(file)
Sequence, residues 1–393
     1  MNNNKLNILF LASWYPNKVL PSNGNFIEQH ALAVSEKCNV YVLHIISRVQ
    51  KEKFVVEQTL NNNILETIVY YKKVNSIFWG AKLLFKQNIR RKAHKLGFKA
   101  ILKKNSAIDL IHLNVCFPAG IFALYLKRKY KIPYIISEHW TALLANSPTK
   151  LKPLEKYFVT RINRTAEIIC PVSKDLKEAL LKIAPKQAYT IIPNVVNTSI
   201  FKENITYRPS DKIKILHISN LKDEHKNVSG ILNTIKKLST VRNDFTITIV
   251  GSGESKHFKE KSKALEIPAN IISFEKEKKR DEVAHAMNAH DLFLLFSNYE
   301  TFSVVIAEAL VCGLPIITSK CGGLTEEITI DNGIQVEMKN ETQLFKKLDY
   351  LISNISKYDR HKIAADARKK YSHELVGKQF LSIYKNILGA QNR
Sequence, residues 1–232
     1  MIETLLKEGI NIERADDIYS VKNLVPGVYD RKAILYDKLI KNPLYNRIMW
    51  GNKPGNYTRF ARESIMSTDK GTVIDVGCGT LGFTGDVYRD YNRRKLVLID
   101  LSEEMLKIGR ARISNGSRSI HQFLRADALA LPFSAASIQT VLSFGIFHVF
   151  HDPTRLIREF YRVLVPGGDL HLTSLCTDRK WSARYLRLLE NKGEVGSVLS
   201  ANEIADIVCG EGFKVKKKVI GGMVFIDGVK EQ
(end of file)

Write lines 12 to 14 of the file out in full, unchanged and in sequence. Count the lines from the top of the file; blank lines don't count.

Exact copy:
    51  GNKPGNYTRF ARESIMSTDK GTVIDVGCGT LGFTGDVYRD YNRRKLVLID
   101  LSEEMLKIGR ARISNGSRSI HQFLRADALA LPFSAASIQT VLSFGIFHVF
   151  HDPTRLIREF YRVLVPGGDL HLTSLCTDRK WSARYLRLLE NKGEVGSVLS